With respect to replication and verification:
- We transfer files and blobs using an internal API request.
- With Object Storage, you can either:
- Use a cloud provider replication functionality.
- Have GitLab replicate it for you.
GitLab relies on data stored in multiple databases, for different use-cases. PostgreSQL is the single point of truth for user-generated content in the Web interface, like issues content, comments as well as permissions and credentials.
PostgreSQL can also hold some level of cached data like HTML-rendered Markdown and cached merge-requests diff. This can also be configured to be offloaded to object storage.
We use PostgreSQL’s own replication functionality to replicate data from the primary to secondary sites.
We use Redis both as a cache store and to hold persistent data for our background jobs system. Because both use-cases have data that are exclusive to the same Geo site, we don’t replicate it between sites.
Elasticsearch is an optional database that for advanced searching capabilities. It can improve search in both source-code level, and user generated content in issues, merge requests, and discussions. Elasticsearch is not supported in Geo.
The following table lists the GitLab features along with their replication and verification status on a secondary site.
You can keep track of the progress to implement the missing items in these epics/issues:
- Geo: Build a scalable, self-service Geo replication and verification framework
- Geo: Improve the self-service Geo replication framework
- Geo: Move existing blobs to framework
- Geo: Add unreplicated data types
The replication for some data types is behind a corresponding feature flag:
- They’re deployed behind a feature flag, enabled by default.
- They’re enabled on GitLab.com.
- They can’t be enabled or disabled per-project.
- They are recommended for production use.
- For GitLab self-managed instances, GitLab administrators can opt to disable them.
Replication for some data types are released behind feature flags that are enabled by default. GitLab administrators with access to the GitLab Rails console can opt to disable it for your instance. You can find feature flag names of each of those data types in the notes column of the table below.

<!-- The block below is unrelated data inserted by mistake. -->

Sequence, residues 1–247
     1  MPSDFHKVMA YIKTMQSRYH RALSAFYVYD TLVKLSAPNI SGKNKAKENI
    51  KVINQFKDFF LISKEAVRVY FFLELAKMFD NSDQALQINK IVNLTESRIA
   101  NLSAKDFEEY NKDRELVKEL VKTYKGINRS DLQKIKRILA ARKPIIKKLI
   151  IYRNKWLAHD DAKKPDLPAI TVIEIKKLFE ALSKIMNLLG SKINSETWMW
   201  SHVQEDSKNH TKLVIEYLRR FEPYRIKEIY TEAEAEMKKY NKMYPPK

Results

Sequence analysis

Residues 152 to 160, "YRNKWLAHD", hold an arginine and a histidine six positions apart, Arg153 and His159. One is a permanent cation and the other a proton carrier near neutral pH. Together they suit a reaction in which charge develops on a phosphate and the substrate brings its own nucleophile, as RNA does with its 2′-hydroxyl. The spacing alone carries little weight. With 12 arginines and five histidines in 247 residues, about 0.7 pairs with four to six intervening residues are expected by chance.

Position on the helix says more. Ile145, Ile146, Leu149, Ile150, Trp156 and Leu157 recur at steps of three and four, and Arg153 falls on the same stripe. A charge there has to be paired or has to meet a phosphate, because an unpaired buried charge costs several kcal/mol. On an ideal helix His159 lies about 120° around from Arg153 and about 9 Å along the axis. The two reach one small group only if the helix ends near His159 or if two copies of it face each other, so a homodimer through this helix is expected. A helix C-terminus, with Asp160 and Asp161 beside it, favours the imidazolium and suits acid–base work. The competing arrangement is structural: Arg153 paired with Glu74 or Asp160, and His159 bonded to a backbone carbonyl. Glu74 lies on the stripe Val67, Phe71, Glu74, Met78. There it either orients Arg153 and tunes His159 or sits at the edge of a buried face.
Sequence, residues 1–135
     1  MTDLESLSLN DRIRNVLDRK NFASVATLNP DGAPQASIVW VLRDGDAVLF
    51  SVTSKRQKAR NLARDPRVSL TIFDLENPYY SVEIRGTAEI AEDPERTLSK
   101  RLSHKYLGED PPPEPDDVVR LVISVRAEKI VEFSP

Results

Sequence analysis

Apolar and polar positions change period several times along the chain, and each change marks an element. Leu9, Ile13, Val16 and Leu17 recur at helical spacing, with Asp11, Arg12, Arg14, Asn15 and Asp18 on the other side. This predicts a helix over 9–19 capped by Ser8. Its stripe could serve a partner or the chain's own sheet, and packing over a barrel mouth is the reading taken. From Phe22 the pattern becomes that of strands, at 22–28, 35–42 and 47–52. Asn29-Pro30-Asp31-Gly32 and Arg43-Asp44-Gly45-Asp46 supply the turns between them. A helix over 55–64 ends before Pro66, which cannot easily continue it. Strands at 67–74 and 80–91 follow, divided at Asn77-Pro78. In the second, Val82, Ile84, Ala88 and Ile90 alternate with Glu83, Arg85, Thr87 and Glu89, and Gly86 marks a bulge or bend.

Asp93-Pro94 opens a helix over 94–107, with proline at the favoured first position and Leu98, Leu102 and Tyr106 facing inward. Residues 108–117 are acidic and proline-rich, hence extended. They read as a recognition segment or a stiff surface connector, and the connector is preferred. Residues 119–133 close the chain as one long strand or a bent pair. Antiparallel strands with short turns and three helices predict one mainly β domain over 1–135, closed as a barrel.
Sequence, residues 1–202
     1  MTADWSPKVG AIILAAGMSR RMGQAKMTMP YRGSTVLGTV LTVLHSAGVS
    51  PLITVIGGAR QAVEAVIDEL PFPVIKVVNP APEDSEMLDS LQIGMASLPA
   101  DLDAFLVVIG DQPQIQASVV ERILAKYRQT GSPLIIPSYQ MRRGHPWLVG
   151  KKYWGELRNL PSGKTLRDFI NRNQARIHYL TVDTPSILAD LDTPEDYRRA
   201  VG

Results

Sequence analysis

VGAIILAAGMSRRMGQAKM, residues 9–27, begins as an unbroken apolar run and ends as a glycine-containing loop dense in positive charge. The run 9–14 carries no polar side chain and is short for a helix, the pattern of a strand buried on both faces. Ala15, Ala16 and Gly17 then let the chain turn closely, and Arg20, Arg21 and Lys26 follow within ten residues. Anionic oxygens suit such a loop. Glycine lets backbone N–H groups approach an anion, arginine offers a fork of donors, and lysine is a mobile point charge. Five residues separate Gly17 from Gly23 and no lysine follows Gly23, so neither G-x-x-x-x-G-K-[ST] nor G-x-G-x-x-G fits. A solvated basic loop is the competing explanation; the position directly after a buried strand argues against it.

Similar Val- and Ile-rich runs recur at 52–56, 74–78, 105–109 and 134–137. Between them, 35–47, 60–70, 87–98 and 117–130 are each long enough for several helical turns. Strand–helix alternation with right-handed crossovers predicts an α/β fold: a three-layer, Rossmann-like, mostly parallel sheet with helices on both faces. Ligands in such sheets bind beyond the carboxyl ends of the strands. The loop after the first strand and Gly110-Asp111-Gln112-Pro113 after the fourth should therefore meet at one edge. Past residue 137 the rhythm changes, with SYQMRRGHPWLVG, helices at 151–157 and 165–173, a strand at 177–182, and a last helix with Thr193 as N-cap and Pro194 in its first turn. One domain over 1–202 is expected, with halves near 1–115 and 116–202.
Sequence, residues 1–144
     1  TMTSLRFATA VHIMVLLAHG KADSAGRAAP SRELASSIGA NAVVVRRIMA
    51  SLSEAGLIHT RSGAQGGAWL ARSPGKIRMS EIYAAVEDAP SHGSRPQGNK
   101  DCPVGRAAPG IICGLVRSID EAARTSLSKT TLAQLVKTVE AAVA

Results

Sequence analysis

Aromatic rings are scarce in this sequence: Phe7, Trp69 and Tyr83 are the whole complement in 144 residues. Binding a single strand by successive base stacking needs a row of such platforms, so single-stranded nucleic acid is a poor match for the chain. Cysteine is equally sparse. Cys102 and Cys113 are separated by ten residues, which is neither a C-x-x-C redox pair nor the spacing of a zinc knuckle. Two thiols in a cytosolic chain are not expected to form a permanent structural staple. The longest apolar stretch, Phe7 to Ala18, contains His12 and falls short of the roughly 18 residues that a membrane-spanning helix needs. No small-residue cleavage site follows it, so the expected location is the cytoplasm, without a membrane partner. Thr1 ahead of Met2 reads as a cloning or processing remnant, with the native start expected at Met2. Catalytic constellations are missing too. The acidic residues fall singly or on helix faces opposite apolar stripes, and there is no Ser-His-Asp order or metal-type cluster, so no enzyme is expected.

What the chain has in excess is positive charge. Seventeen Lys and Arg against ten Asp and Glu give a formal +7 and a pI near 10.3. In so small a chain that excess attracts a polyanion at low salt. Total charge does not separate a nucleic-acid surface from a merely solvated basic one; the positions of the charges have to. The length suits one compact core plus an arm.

To disable, such as for package file replication:
To enable, such as for package file replication:
|Feature||Replicated (added in GitLab version)||Verified (added in GitLab version)||GitLab-managed object storage replication (added in GitLab version)||GitLab-managed object storage verification (added in GitLab version)||Notes|
|Application data in PostgreSQL||Yes (10.2)||Yes (10.2)||N/A||N/A|
|Project repository||Yes (10.2)||Yes (10.7)||N/A||N/A|
|Project wiki repository||Yes (10.2)||Yes (10.7)||N/A||N/A|
|Group wiki repository||Yes (13.10)||No||N/A||N/A||Behind feature flag |
|Uploads||Yes (10.2)||Yes (14.6)||Yes (15.1)||No||Replication is behind the feature flag |
|LFS objects||Yes (10.2)||Yes (14.6)||Yes (15.1)||No||GitLab versions 11.11.x and 12.0.x are affected by a bug that prevents any new LFS objects from replicating.|
Replication is behind the feature flag
|Personal snippets||Yes (10.2)||Yes (10.2)||N/A||N/A|
|Project snippets||Yes (10.2)||Yes (10.2)||N/A||N/A|
|CI job artifacts||Yes (10.4)||Yes (14.10)||Yes (15.1)||No||Verification is behind the feature flag |
|CI Pipeline Artifacts||Yes (13.11)||Yes (13.11)||Yes (15.1)||No||Persists additional artifacts after a pipeline completes.|
|Container Registry||Yes (12.3)||No||No||No||Disabled by default. See instructions to enable.|
|Infrastructure Registry||Yes (14.0)||Yes (14.0)||Yes (15.1)||No||Behind feature flag |
|Project designs repository||Yes (12.7)||No||N/A||N/A||Designs also require replication of LFS objects and Uploads.|
|Package Registry||Yes (13.2)||Yes (13.10)||Yes (15.1)||No||Behind feature flag |
|Versioned Terraform State||Yes (13.5)||Yes (13.12)||Yes (15.1)||No||Replication is behind the feature flag |
|External merge request diffs||Yes (13.5)||Yes (14.6)||Yes (15.1)||No||Replication is behind the feature flag |
|Versioned snippets||Yes (13.7)||Yes (14.2)||N/A||N/A||Verification was implemented behind the feature flag |
|GitLab Pages||Yes (14.3)||Yes (14.6)||Yes (15.1)||No||Behind feature flag |
|Incident Metric Images||Planned||No||No||No|
|Alert Metric Images||Planned||No||No||No|
|Server-side Git hooks||Not planned||No||N/A||N/A||Not planned because of current implementation complexity, low customer interest, and availability of alternatives to hooks.|
|Elasticsearch integration||Not planned||No||No||No||Not planned because further product discovery is required and Elasticsearch (ES) clusters can be rebuilt. Secondaries use the same ES cluster as the primary.|
|Dependency proxy images||Not planned||No||No||No||Blocked by Geo: Secondary Mimicry. Replication of this cache is not needed for disaster recovery purposes because it can be recreated from external sources.|
|Vulnerability Export||Not planned||No||No||No||Not planned because they are ephemeral and sensitive information. They can be regenerated on demand.|